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Women’s History Month is a great opportunity to commemorate the contributions of God-fearing women in American history. Women have played an important role in our nation’s history and the women in this series represent those who have faithfully, courageously, and humbly served their families, communities, and our nation. Periodically throughout the month of March, we will be sharing some of these inspiring stories. Don’t miss our previous installments on Abigail Adams, Fanny Crosby, and Harriet Tubman.Clara Barton is primarily known for being the founder of the American Red Cross. However, she was also a pioneer for women working in the fields of nursing, government, and humanitarian aid. Throughout her long life, Clara was deeply dedicated to serving those in need. She wasted no time waiting to be told what needed to be done; instead, she took the initiative and saw to the needs of others herself. Today, she is remembered as one of the greatest humanitarians our country has ever known.Clarissa (“Clara”) Harlowe Barton was born on Christmas Day 1821 in North Oxford, Massachusetts, the youngest of five children by 10 years. Her two older brothers, Stephen and David, taught her mathematics and how to ride bareback and climb trees. Her two older sisters, Sarah (“Sally”) and Dorothea (“Dolly”), taught her to read and write. Sadly, the Barton home was not a happy one. Mrs. Barton suffered from a mental illness (most likely bipolar disorder) and was unkind to Clara as a child. Older sister Dolly spent most of her life locked away in an upstairs bedroom after suffering a mental breakdown when Clara was six. However, Clara’s father, Captain Stephen Barton, loved Clara and gave her an example of hard work, persistence, and compassion. This example provided a foundation for the humanitarian efforts for which she would later become famous. Clara was raised in the Universalist church, and her autobiography gives testimony to the role her faith took in her work.When Clara was 11, her older brother David fell off the roof of the family barn. His injuries rendered him bedridden, and doctors believed that he would not survive. Clara refused to accept their prognosis and spent the next two years nursing her brother back to full health. This was her first exposure to nursing, but it would not be her last.Clara did not initially pursue a career in nursing, as it was a predominately male profession at the time. Instead, she acquired a teaching license and worked as an educator for 12 years before furthering her education at the Clinton Liberal Institute in New York. In 1852, she founded the first free school in the state of New Jersey. The school was successful, so much so that when it expanded and a new building was built, the board hired a male principal to run the school instead of Clara. She continued to teach at the school but suffered from health problems and her first of many mental breakdowns, and eventually resigned.In 1855, Clara moved to Washington, D.C., and was the first female clerk in the U.S. Patent Office, earning a salary equal to that of her male peers. The adjustment was difficult, and some of her male coworkers harassed and slandered her on account of her being a woman. Her position was later reduced to a copyist, and then her job was terminated altogether with the election of President James Buchanan in 1857. She moved home to Massachusetts but later returned to D.C. when Abraham Lincoln took office, resuming her position at the Patent Office.When the Civil War broke out in 1861, Clara was extremely aggravated by the lack of care given to Union soldiers traveling from the northern states to the southern battlegrounds. Many of these men were packed into train cars and not given food, water, or shelter when they stopped in the capital. Clara went to work acquiring supplies and helping in whatever way she could when the trains stopped at the station. She became particularly concerned with the number of wounded men who had been on the battlefield for days before receiving medical attention once on the train to a hospital. Because women were not allowed on the battlefield, she worked diligently to receive permission to transport supplies and medical care herself to the front lines.Many women served as volunteer nurses during the Civil War, but their services were generally relegated to military hospitals, not the battlefield itself. On August 9, 1862, at the Battle of Cedar Mountain, Clara Barton performed her first field duty. As she carried supplies to the wounded, comforted the dying, and stayed calm and collected through it all, the male nurses and surgeons working alongside her marveled at her instincts and gentleness. Clara’s service at the Battle of Antietam earned her the nickname “Angel of the Battlefield,” and her fame began to grow. She would go on to serve on a total of 16 battlefields, including every major battle in Maryland, Virginia, and South Carolina. General Benjamin Butler named her head nurse of his unit in 1864, even though she had no formal medical training. She would go on to instruct other female nurses as the war continued.After the war, Clara coordinated efforts to locate lost soldiers. She and her colleagues received over 63,000 inquiries and were able to locate 22,000 soldiers, bringing closure to their families. The D.C. boarding house that she lived in is now home to the Clara Barton Missing Soldiers Office Museum.The stress of the war and recoveries of missing persons caused Clara to suffer a second mental breakdown, and she traveled to Europe for rest. While in Europe, she was exposed to the work of the organization that would become known as the International Committee of the Red Cross. Determined to provide similar humanitarian relief in the United States, Clara would later found the American Red Cross on May 21, 1881. The organization’s first relief operation was in response to the Great Michigan Fire of 1881, and it received its first congressional charter in 1900. Clara remained president of the Red Cross until 1904. She would then go on to found the National First Aid Society.Clara Barton died of pneumonia on April 12, 1912, in Glen Echo, Maryland. Despite suffering from depression and physical and mental illnesses for most of her life, her pioneering work as a nurse and the immense compassion she showed for those in need inspired a wounded nation and continues to be a shining example of selfless love.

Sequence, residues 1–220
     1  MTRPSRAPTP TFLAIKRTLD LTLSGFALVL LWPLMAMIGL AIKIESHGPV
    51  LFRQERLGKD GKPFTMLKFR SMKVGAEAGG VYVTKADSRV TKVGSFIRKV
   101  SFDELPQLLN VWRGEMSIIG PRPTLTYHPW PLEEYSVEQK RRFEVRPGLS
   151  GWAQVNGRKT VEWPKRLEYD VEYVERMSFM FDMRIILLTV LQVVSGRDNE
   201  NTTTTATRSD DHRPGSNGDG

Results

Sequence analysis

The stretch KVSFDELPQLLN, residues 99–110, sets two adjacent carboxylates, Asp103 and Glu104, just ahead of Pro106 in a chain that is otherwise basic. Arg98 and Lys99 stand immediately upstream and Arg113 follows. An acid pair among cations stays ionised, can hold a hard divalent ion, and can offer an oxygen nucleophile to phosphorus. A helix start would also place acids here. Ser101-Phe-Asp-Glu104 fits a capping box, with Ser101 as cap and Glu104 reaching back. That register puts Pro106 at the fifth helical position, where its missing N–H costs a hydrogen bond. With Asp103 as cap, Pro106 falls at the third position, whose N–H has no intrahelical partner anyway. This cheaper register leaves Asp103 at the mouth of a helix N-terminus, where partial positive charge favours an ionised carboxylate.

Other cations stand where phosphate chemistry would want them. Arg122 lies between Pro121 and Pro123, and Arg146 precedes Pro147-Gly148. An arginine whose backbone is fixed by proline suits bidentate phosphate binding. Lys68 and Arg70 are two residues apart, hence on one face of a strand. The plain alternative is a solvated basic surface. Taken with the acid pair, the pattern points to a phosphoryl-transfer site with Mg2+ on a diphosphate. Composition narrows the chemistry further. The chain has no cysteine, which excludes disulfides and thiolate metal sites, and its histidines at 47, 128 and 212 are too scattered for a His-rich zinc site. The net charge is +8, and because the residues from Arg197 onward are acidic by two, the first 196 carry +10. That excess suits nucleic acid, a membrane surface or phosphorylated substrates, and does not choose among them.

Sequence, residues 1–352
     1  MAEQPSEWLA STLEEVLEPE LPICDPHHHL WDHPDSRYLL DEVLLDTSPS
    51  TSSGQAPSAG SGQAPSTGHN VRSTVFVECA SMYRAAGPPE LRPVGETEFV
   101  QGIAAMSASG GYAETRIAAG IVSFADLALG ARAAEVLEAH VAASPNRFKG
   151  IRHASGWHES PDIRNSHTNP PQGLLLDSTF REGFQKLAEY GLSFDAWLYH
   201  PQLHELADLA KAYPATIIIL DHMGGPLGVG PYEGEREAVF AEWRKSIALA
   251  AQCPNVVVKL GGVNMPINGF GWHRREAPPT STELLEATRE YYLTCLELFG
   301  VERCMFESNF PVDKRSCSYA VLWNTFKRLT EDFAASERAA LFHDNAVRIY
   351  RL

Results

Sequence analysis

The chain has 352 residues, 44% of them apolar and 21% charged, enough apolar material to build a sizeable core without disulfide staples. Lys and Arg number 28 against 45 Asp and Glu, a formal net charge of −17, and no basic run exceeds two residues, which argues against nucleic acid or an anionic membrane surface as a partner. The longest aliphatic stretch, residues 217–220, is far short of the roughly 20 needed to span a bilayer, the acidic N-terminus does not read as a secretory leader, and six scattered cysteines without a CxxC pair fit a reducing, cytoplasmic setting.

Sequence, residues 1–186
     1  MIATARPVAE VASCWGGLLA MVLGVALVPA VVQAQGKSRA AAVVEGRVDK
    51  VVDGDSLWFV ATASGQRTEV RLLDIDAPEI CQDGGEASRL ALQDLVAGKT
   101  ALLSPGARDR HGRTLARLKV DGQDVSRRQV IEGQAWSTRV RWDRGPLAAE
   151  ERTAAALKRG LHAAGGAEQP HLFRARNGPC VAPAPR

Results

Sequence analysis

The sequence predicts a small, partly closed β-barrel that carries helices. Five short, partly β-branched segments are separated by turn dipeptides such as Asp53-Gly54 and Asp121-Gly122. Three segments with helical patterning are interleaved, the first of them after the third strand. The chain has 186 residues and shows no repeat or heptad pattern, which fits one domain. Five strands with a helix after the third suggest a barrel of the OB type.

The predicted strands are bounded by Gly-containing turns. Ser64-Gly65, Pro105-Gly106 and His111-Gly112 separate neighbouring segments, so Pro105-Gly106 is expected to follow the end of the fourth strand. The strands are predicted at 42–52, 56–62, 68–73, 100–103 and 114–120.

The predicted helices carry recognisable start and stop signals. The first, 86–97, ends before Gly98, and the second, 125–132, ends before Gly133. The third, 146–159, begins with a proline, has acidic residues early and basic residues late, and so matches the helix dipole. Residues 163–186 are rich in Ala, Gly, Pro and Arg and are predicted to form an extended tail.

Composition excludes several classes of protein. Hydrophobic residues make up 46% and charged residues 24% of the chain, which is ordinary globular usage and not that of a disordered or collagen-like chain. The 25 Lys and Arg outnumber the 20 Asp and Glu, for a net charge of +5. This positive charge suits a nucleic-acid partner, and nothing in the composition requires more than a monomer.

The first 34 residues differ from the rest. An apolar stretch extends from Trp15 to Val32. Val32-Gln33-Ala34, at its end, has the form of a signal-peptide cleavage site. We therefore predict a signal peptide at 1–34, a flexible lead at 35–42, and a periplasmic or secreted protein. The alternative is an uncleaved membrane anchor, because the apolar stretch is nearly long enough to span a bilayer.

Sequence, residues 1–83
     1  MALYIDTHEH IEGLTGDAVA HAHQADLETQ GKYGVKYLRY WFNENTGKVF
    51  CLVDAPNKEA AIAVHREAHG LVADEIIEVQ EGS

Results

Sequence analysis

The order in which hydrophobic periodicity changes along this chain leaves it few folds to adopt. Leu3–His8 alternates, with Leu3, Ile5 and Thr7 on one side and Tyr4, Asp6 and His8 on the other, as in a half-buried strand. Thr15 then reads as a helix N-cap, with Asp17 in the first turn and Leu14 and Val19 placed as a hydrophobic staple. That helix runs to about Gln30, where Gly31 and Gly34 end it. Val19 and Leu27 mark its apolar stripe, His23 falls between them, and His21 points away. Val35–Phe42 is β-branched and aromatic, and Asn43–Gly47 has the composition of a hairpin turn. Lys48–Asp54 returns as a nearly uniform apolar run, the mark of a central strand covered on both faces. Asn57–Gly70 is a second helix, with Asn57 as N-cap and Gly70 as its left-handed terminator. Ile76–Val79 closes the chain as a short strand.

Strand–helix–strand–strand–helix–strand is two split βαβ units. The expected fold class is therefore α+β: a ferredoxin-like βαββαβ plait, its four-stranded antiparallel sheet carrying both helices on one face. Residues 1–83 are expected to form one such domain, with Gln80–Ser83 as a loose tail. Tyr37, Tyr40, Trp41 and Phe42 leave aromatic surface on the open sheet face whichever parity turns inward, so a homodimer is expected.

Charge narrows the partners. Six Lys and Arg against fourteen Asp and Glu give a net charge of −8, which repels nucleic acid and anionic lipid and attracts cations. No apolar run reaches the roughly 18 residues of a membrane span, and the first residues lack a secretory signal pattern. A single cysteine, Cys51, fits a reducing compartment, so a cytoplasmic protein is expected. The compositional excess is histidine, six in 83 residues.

Speaking to a small nursing-home Bible study, I directed a question to a godly woman who missed her deceased husband terribly. “Did you ever receive a love letter from your husband?” She smiled back with a nod as she recalled the notes of love she received many years ago. “If I had intercepted one of Read More
by Phil Johnsonne of the questions prompted by the quarantine is about "virtual communion." After all, in lieu of regular worship services, we are listening online every Sunday while our pastor preaches from the pulpit of the church. So why not have a kind of virtual communion service, where we all take the elements simultaneously in the privacy of our homes?Five times in Paul's instructions regarding the Lord's Table, he uses the phrase "when you come together as a church" or its equivalent (1 Corinthians 11:17, 18, 20, 33, 34). In verse 34 he expressly contrasts "eat[ing] at home" with the act of eating the bread and drinking the cup as a church body "when you come together." Clearly, the communion ordinance is supposed to be shared by the gathered assembly of the church collectively, not taken by individuals in solitude. It is not a private sacrament.We might sometimes serve communion with a small group of 5-10 church members gathering at the bedside of someone who is homebound or permanently confined to a nursing home or long-term health-care facilities. But there's a significant difference in a case like that—because you have a subset of the church in genuine communion together, contrasted with isolated people in quarantine who serve themselves (which destroys the symbolism of the Supper).I agree that extraordinary times do sometimes call for extraordinary measures, and I understand the desire to be flexible in a time of emergency, so although I don't approve and wouldn't participate, I wouldn't necessarily inveigh publicly against a church that offered a "virtual communion service." There may be some well-meaning church leaders who sincerely believe some kind of makeshift online Eucharistic ceremony (sans any actual communion among the saints) is better than none at all. They are wrong about that. But if done anyway, such dramatic revision to the sacrament needs (at the very least) to be carefully and thoroughly explained, along with clear instructions telling participants that this is a temporary measure only, a one-time exception to the normal practice, and it should not change how the church normally observes the Lord's Table or regards its significance.In practice, however, "virtual communion" services do confuse people—or worse. Saddleback Church, for example, has embraced the idea of "virtual communion." In an email message to church members during Passion Week, Rick Warren wrote, "Last weekend, thousands of our members participated in this tradition at home in our first online Communion in the history of this church. Many people just used what they had: cheese crackers, pancake bits, and various juices. It's hilarious seeing on social media all the things our members used!"They have literally made a mockery of the Lord's Table—the very kind of thing the apostle was rebuking the Corinthians for in 1 Corinthians 11.So the best course of action—and what Grace Community Church's elders will be doing—is to wait to serve communion until the church can legitimately assemble. Better to forego the ordinance altogether during the quarantine rather than risk confusing people about the meaning of the Lord's Table and how it is normally to be administered.Phil's signature